How to Get to I do

So I know I am a guy but I was interested in reading Amy Bonacorsos book "How to Get To I Do". Has anyone read it and if so how was it. I listen to the time she was on Catholic answers. What's hard is I have a hard time discerning how she means certain things. I feel like for instance, when she says prince charming doesn't exist. I feel like she says that if you find a guy that is a pious Catholic, and he is a gentle men and just a great person he's to good to be true and you shouldn't try and pursue the relationship. I'm not saying I'm perfect far from it, nor am I saying I am God's gift to Women, but if a couple is a aware of those times where the guy may not shine in a suit of armor they can have a better vision while still have the high Ideal.

If I may, I will attempt to give my interpretation of the meaning "Prince Charming doesn't exist," and if my understanding is incorrect, hopefully wiser heads will correct me! :)

We women are brought up with this idea that we should expect our future husband to be the Prince Charming written about in secular fairy tales: a perfect man who never sins, never loses his temper, never leaves dirty socks on the floor or forgets to take out the garbage, never says a harsh or thoughtless word. This perception is an injustice because no man can live up to that expectation. The authoress of the book you are reading is trying to explain that girls of courting age should not be disappointed when they discover that their Prince Charming has feet of clay, so to speak. She is trying to explain that young women should expect pious, godly men who are prepared to be spiritual leaders in their homes but it does all men an injustice to expect complete perfection from them.

That was a rather verbose explanation, I hope it made sense. I look forward to reading other responses to your question.

May God guide you as you pray for His will for a partner in this life. May He guide you to a Proverbs 31 woman.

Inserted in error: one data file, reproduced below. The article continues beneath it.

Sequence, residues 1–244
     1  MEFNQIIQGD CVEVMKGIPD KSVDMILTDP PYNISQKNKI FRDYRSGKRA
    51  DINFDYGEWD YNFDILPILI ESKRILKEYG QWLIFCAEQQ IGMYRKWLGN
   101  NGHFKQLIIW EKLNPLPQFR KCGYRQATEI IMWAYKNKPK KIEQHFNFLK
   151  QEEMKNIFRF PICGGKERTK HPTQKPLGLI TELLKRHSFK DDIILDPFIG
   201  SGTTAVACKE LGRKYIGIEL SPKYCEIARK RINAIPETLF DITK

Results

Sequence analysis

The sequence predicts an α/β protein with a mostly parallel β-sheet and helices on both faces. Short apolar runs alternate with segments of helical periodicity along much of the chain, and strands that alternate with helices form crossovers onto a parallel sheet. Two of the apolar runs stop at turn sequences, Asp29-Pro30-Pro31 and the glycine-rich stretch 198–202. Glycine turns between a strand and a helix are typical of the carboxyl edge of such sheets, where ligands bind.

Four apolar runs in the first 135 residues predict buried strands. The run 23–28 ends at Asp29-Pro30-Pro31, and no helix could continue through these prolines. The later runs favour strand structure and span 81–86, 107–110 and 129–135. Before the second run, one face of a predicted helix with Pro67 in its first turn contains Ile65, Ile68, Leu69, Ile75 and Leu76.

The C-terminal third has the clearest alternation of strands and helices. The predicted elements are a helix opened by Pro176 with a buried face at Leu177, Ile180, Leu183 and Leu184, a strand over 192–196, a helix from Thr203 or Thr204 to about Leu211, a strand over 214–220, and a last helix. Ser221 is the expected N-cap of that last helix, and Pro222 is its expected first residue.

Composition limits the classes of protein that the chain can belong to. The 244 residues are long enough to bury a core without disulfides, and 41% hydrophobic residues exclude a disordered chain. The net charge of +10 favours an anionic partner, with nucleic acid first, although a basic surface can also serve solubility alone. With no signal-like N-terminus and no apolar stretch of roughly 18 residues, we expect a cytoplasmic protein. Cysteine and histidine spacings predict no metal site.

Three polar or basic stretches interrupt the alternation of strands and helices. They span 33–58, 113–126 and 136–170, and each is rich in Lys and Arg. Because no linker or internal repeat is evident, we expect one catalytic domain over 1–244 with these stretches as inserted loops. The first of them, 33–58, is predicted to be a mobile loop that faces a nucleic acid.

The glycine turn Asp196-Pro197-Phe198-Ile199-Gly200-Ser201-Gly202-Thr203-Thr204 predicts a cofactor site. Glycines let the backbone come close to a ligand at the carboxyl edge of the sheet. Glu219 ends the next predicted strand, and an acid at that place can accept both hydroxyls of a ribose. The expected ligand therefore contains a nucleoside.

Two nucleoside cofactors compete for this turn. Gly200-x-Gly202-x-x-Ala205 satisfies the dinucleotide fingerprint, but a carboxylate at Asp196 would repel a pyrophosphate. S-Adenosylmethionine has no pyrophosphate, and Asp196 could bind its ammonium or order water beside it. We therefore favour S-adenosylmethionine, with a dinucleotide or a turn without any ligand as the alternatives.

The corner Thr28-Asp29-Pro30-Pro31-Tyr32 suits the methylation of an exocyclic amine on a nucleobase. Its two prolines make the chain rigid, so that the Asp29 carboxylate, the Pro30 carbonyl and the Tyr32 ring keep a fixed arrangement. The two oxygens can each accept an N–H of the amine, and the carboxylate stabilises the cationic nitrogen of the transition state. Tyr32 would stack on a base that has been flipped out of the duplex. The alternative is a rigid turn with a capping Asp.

[quote="Philothea01, post:2, topic:259825"]
If I may, I will attempt to give my interpretation of the meaning "Prince Charming doesn't exist," and if my understanding is incorrect, hopefully wiser heads will correct me! :)

We women are brought up with this idea that we should expect our future husband to be the Prince Charming written about in secular fairy tales: a perfect man who never sins, never loses his temper, never leaves dirty socks on the floor or forgets to take out the garbage, never says a harsh or thoughtless word. This perception is an injustice because no man can live up to that expectation. The authoress of the book you are reading is trying to explain that girls of courting age should not be disappointed when they discover that their Prince Charming has feet of clay, so to speak. She is trying to explain that young women should expect pious, godly men who are prepared to be spiritual leaders in their homes but it does all men an injustice to expect complete perfection from them.

That was a rather verbose explanation, I hope it made sense. I look forward to reading other responses to your question.

May God guide you as you pray for His will for a partner in this life. May He guide you to a Proverbs 31 woman.

[/quote]

I was going to say the same thing. I haven't read the book nor heard of the author, but if I had to guess, I would say she is encouraging girls to readjust their expectations in light of the fact that the only perfect guy is the one who was nailed to a tree. The rest of us are just doing the best we can.

That’s what I was trying or rather hoping she was trying to get at. I mean I was hoping that it would be the small stuff she was telling women not to sweat you know. I’m not a saint in the least, I had my tousles in life even though it hasn’t been a long one. I just know women who are Catholic, and because they couldn’t find Mr.Right they took their bar gave it a thrust downward. It hurts when some are your friends because you want them to be happy but they lowered themselves and started the more secular way because they wanted to be in a relationship.

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